- [Show abstract] [Hide abstract]
ABSTRACT: The long-term psychiatric consequences of exposure to war and/or mass conflict continue to be of great concern and particularly in Cambodia. The current cross-sectional study examined the relationship between history of trauma and current psychiatric and functional morbidity in 3200 randomly selected adults aged 18-60 in Cambodia. Structured interviews were conducted from November 2011 until May 2012 in two predominantly rural regions purposively selected for differing duration of exposure to the Khmer Rouge occupation. Information was also collected regarding ongoing daily stressors and intimate partner violence. Despite high prevalence rates of conflict/war-related trauma, current rates of psychiatric disorders (depression, post-traumatic stress disorder) were relatively low, suggesting that the effects of trauma and extreme hardship in civilian populations may be modified by contextual factors and/or the passage of time. Poor to fair physical health was, however, reported by nearly 60% of the sample. Daily stressors were more important for current morbidity levels than history of trauma, especially in the region with shorter Khmer Rouge occupation. The results suggest that a focus exclusively on past trauma may overlook the contribution of adverse daily life circumstances towards current levels of well-being in civilian populations affected by war and/or mass conflict. Copyright © 2014 Elsevier Ltd. All rights reserved.Social Science & Medicine 10/2014; 123C:133-140. DOI:10.1016/j.socscimed.2014.10.049 · 2.56 Impact Factor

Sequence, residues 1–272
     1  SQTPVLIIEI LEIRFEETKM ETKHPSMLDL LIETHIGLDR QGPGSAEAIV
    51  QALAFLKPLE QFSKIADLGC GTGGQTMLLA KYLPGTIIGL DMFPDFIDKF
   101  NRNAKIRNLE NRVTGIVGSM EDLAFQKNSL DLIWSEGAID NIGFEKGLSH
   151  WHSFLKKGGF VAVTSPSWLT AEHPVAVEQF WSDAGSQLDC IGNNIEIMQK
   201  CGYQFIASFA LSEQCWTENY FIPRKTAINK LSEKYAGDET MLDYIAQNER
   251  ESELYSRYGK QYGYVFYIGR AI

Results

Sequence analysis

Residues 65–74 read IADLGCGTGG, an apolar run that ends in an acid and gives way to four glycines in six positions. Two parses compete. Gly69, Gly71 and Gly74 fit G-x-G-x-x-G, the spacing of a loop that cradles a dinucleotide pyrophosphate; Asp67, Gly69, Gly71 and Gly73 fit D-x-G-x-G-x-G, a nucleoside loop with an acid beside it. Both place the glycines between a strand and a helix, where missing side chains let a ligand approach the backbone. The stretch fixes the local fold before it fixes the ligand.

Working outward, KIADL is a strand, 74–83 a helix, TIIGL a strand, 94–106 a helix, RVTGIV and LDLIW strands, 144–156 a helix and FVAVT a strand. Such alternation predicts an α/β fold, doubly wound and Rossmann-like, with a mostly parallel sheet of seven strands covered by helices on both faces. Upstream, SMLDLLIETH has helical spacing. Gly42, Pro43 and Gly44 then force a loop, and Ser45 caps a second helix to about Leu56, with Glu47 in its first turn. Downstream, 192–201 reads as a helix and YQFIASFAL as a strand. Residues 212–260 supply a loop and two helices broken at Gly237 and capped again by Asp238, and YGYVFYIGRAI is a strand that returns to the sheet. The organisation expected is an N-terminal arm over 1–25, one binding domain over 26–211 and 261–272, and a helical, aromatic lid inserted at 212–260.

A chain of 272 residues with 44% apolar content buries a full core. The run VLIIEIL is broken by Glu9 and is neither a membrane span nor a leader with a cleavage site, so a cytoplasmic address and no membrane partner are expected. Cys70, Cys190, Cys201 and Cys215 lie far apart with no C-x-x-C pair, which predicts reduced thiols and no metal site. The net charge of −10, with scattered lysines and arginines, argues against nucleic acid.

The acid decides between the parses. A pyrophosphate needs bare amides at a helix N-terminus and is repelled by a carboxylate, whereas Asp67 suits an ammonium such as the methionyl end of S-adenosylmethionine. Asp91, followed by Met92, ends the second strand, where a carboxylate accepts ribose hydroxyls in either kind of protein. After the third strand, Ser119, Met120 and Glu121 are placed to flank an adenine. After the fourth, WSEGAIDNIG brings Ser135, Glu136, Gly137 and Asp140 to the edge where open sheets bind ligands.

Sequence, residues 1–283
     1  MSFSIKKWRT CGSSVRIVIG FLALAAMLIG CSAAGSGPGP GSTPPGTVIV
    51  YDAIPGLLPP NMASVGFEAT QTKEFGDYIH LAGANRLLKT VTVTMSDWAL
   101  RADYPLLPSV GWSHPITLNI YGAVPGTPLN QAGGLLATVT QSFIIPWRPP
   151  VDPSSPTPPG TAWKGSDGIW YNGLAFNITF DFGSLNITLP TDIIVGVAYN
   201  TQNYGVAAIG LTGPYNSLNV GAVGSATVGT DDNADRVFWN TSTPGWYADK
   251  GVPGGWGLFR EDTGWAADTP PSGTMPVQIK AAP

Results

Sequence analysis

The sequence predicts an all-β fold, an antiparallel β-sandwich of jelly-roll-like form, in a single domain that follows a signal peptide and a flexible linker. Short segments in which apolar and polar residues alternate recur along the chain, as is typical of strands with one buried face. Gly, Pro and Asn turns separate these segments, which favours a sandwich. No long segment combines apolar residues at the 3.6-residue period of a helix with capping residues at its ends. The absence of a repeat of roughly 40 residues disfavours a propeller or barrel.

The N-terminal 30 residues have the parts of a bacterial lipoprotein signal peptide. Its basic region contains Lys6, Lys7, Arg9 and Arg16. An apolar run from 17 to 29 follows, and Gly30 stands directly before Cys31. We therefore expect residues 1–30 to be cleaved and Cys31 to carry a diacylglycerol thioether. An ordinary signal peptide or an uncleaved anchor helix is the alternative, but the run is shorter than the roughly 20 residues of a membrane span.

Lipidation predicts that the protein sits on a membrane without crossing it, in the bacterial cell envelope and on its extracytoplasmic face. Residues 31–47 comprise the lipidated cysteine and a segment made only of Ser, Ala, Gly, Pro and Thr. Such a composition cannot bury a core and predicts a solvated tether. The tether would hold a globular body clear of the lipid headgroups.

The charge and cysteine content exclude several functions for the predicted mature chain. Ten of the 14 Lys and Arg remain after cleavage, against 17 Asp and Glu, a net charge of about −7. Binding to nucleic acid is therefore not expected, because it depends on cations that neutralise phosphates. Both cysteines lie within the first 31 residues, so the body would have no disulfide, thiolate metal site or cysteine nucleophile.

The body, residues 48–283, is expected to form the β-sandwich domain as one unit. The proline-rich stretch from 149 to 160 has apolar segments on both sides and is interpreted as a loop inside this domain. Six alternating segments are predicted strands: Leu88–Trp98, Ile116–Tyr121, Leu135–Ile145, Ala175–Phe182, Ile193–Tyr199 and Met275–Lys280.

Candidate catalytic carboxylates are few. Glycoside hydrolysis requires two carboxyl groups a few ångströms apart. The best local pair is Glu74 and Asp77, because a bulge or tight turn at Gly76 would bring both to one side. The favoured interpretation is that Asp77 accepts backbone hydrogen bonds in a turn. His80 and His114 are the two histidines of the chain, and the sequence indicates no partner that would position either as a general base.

- [Show abstract] [Hide abstract]
ABSTRACT: Common ground is necessary for developing collaboration as part of building resilience for public health preparedness. While the importance of common ground as an essential component of collaboration has been well described, there is a need for studies to identify how common ground develops over time, across individual and group dimensions, and the contexts that influence its development. This paper studied common ground development in three Canadian communities between October 2010 and March 2011 through a project on capacity building for disaster management. Disaster management requires the integration of paid and volunteer participants across public and private sectors and is therefore a good domain to study common ground development. We used directed qualitative content analysis to develop a model of common ground development over time that describes its progression through coordinative, cooperative and collaborative common ground. We also identified how common ground develops at micro (individual) and macro (group) levels, as well as how agency, technology and geographical contexts influence its development. We then use the four phases of disaster management to illustrate how our model can support longitudinal common ground development. Our findings provide useful insight to enable proactive development of common ground in collaborative health communities.Social Science & Medicine 03/2015; 128. DOI:10.1016/j.socscimed.2015.01.032 · 2.56 Impact Factor